Local fishers would support 'buy local' campaign
Seafood growers in Broken Bay and Brisbane Water are eager to join a Buy Local Seafood campaign started by a local MP.
Mr Dean Whitten from Whitten's Organic Oysters said he was sure farmers and fishers working out of Brisbane Water and Broken Bay would be interested in being involved in a Buy Local Campaign.
Such a campaign was launched by the NSW Member for The Entrance, Mr David Mehan, in conjunction with local fishermen on Tuggerah Lakes following the findings of a report into commercial fishing conducted by the University of Technology Sydney.
According to the report, 91 per cent of local residents believed it was important to have a regional fishing industry and 93 per cent believed that buying locally sourced fish was better for the community.
The report indicated that the professional fishing industry was a critically important part of the local economy, with the industry adding $18.6 million to the region's Gross Regional Product.
The study did not indicate the proportion of that amount contributed by the Peninsula's commercial fishers.
The combined efforts of the Broken Bay, Brisbane Water and Tuggerah Lakes fishers made the Central Coast second only to the Great Lakes in terms of valued added to the local economy from the industry.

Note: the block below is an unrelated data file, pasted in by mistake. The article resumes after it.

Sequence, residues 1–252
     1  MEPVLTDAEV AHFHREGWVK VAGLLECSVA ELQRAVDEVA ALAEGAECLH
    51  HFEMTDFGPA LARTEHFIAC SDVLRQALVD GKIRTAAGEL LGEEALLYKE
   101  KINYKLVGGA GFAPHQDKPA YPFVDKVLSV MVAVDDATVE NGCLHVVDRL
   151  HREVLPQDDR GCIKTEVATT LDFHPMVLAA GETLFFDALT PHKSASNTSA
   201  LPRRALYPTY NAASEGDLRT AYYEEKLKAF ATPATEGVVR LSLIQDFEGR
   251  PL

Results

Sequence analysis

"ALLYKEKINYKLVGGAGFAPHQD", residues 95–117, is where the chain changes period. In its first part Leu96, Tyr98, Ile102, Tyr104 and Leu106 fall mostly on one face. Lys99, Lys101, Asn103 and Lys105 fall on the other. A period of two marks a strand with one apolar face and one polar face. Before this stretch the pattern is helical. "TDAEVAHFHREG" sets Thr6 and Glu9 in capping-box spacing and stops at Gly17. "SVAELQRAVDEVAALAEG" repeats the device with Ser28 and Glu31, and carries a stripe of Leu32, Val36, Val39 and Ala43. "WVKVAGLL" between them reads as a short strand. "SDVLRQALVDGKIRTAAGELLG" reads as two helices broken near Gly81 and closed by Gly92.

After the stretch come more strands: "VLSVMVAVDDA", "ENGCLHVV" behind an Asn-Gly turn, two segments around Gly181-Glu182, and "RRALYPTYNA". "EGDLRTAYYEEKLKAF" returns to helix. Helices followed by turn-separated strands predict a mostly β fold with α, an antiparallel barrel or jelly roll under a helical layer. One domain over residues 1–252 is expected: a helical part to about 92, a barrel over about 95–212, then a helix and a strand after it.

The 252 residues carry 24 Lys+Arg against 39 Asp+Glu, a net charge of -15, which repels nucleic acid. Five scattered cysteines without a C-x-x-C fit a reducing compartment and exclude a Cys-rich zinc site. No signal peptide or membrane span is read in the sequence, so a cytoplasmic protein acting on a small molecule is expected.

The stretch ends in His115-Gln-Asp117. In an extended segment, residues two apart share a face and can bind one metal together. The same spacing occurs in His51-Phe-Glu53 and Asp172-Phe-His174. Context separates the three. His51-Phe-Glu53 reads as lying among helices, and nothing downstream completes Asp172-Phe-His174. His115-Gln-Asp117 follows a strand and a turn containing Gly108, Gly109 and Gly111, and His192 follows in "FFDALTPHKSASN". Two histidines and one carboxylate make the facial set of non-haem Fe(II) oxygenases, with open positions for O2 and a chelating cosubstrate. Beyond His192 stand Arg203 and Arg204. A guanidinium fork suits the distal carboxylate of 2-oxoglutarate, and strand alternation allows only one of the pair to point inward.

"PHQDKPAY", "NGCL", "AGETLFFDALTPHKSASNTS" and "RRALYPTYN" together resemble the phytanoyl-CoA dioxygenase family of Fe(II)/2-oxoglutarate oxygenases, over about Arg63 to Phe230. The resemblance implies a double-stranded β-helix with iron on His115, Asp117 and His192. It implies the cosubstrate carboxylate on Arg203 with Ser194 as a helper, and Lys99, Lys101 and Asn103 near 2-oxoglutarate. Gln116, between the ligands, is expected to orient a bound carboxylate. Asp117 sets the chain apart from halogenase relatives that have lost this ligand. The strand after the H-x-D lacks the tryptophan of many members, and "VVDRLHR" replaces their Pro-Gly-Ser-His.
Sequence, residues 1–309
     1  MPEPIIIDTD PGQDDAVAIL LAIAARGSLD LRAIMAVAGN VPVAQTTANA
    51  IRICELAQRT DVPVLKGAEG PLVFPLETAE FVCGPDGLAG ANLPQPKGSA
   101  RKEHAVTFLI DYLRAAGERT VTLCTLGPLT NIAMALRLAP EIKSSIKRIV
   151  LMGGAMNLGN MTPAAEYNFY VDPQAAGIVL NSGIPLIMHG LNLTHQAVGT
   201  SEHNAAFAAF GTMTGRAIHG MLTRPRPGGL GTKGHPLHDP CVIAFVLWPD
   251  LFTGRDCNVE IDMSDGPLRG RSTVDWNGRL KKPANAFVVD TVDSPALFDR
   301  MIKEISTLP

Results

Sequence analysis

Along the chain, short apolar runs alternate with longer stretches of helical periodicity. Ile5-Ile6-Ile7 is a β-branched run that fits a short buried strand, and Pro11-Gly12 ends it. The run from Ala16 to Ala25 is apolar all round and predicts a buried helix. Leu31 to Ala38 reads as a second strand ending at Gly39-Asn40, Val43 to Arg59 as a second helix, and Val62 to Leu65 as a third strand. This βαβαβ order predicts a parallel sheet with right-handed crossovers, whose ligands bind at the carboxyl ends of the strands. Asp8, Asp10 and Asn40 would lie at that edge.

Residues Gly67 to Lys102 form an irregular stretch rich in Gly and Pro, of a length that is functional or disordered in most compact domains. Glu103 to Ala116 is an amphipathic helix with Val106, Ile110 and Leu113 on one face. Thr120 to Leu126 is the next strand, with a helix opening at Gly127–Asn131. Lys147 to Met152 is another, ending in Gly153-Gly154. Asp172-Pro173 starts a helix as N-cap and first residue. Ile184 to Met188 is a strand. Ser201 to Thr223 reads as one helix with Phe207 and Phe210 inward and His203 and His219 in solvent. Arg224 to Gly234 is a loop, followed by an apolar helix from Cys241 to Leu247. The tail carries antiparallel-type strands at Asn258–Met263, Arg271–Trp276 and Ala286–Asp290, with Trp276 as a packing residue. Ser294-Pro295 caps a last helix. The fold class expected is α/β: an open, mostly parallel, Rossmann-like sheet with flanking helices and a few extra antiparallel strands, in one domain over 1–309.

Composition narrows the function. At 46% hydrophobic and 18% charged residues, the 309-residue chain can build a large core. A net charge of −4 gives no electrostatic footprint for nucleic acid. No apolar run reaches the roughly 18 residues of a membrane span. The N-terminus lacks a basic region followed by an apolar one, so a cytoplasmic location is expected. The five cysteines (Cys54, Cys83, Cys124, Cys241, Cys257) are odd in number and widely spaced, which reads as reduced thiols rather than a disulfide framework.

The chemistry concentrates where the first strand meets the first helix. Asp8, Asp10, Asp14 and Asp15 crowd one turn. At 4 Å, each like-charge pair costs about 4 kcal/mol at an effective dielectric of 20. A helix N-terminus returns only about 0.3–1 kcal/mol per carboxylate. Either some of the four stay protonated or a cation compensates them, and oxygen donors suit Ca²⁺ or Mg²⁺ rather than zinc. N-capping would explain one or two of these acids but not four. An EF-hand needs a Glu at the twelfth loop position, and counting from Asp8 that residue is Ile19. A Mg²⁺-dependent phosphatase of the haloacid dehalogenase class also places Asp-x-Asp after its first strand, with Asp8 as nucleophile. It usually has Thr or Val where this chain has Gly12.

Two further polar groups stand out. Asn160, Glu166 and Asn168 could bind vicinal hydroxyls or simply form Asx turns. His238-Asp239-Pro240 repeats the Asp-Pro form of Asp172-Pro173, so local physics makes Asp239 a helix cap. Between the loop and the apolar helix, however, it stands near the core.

Household income generated from the local fishing industry and the employment it provided were also significant.
Of all regions where commercial fishing provided employment, the Central Coast's industry provided the third highest number of jobs at 209 but fishers on the Central Coast had more household income to spend from the industry at $10.3 million than fishers from any other region.
Despite the industry's contribution to the local economy, the report found that across the state, the Central Coast community had one of the lowest frequencies of purchasing local seafood (local defined in the report as within a 100km radius).
The report determined these preferences were strongly linked to the geographical location of the respondents, with 52 per cent of Central Coast residents more likely to prefer Australian seafood over the 21 per cent who prefer local seafood.
A further 33 per cent of Central Coast residents reported they rarely purchased local seafood, the highest result in the state.
The report found there was a high level of confidence in the sustainability of the industry amongst those directly engaged with it, though this was met by a "moderate level of trust" by the community.
The Central Coast community expressed the second-lowest level of trust in the sustainability of the local fishing industry across NSW communities with local fisheries.
Residents of the Central Coast's fishing villages along the Hawkesbury River expressed high levels of concern over the loss of community identity if fishing were to be further restricted.
Media release, 18 Jan 2017
David Mehan, NSW Member for The Entrance
Report, Sep 2016
Michelle Voyer and others, University of Technology Sydney